6 High St Fremantle
Constructed from 1899
|Heritage List||YES||08 Mar 2007|
|Register of the National Estate||Permanent||21 Oct 1980||
|Classified by the National Trust||Classified||28 Oct 1974||
|Statewide Hotel Survey||Completed||01 Nov 1997||
|Municipal Inventory||Adopted||14 Oct 2000||Level 1B||
|RHP - To be assessed||Current||24 Apr 2003||
The place is historically significant as hotel representing the development of Fremantle’s Old Port City from the gold boom period of the late nineteenth and early twentieth centuries. The place is significant because, when viewed from the street, it is a substantially intact example of a federation period commercial building which contributes to the very significant Old Port City of Fremantle. The place is a significant landmark in the Old Port City of Fremantle. The Fremantle Hotel is significant for its architecture and construction methods; use pf brick with stone facing. The place is of social significance as evidenced by its classification by the National Trust.
A three storey stone and rendered masonry hotel, with the name 'Hotel Fremantle' in stucco relief across the truncated corner. On the truncation above, there is a concave metal-shingled portion (probably remains of a turret) that adjoins the low parapet wall with three small decorative pediments. There are five pairs of glazed doorways, with the main entrance on the south side featuring hotel name in frosted glass (probably not original). The ground floor and second floor windows are timber double hung sash and the first floor feature arched double hung sash with four columns on the west side.
High Street was named by Surveyor General Roe - as was customary in English towns, the main street of the town was named High Street. Eastward from William Street the roadway was completed by convict labour after the Town Hall was built in 1887. High Street around the Town Hall closed to traffic in 1966. The High Street Mall was trialled in November 1973 and made a permanent pedestrian mall in 1975.
In 1885 a new house was built on the site replacing an earlier house and shop for Mr W. D. Moore. The house remained his property until it was sold to Mr W. de Lacy Bacon in 1897. The hotel was built in 1899, designed by Wilkinson & Smith. The hotel was purchased by E. S. Barker and A. McNeil in 1902-03. This was a three storey residential hotel with stables, rooms, bar, billiard rooms, sitting rooms, cellars etc. Part of the Moore house was incorporated into the hotel, serving as its kitchen wing. The hotel is reported to have been set up as a hospital and operating theatres during WWII.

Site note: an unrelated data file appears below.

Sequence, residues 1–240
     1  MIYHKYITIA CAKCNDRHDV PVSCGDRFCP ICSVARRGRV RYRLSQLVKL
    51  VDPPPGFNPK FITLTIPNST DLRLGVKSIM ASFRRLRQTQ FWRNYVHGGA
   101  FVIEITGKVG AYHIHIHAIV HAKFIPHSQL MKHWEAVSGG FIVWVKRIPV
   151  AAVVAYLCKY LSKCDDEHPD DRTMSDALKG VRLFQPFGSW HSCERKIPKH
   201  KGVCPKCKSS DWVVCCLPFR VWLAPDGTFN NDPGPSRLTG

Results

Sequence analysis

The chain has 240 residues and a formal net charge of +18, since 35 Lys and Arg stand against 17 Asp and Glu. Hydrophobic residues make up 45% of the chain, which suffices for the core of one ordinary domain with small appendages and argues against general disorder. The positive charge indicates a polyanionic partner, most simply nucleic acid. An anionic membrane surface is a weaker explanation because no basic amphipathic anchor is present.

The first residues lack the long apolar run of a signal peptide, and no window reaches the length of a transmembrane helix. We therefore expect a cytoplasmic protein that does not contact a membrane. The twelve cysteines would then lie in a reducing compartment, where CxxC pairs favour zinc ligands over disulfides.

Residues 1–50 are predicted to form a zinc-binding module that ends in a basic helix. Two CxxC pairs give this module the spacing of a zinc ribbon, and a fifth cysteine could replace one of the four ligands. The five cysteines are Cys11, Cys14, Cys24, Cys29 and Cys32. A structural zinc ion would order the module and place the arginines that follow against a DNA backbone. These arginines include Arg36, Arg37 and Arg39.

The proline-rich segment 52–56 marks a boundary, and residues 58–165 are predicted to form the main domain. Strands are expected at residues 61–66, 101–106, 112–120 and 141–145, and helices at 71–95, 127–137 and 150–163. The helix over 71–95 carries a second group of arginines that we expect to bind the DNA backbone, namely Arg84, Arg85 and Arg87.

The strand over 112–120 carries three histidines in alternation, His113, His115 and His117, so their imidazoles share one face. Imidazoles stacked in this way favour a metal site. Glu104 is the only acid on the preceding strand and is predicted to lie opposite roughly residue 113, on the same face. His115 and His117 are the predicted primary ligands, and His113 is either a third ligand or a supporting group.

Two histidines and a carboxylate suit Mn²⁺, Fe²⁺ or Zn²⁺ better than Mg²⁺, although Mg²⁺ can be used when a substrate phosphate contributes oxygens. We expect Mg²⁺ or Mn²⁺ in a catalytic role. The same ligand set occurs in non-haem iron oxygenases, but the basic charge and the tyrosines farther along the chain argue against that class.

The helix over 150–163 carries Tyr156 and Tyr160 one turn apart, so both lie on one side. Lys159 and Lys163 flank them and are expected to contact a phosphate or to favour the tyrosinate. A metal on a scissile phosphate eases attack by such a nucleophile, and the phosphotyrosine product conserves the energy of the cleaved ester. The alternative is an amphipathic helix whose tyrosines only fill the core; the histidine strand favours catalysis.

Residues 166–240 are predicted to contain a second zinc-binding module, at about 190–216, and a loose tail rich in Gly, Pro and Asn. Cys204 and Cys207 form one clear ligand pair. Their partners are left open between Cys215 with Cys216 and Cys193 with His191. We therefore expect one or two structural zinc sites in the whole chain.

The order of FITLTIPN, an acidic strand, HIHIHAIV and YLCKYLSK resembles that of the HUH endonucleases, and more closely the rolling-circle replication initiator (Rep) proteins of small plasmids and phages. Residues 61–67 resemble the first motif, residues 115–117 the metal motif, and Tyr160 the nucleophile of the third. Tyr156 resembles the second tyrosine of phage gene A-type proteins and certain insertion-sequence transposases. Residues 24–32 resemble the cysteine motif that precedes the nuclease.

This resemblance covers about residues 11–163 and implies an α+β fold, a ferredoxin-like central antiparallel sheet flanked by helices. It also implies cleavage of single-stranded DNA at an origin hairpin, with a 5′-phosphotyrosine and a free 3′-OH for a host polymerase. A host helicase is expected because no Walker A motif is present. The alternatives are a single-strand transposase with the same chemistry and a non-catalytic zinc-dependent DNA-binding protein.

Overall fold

In 2002 it was Hotel Fremantle. It was subsequently purchased by Notre Dame University, and is no longer a hotel open to the public. Archaeological investigations were undertaken during approx. 2006 and the building was painted externally.
|Library Id||Title||Medium||Year Of Publication|
|7467||Fremantle : beyond the Round House.||Book||2005|
Individual Building or Group
|Present Use||COMMERCIAL||Hotel, Tavern or Inn|
|Original Use||COMMERCIAL||Hotel, Tavern or Inn|
|Federation Free Classical|
|OCCUPATIONS||Hospitality industry & tourism|
|OCCUPATIONS||Commercial & service industries|
|SOCIAL & CIVIC ACTIVITIES||Sport, recreation & entertainment|
This data is provided by the City of Fremantle. While every care is taken to ensure the accuracy of this data, the City of Fremantle makes no representations or warranties about its accuracy, reliability, completeness or suitability for any particular purpose and disclaims all responsibility and all liability (including without limitation, liability in negligence) for all expenses, losses, damages (including indirect or consequential damage) and costs which you might incur as a result of the data being inaccurate or incomplete in any way and for any reason. Under no circumstances should this data be used to carry out any work without first contacting the City of Fremantle for the appropriate confirmation and approval.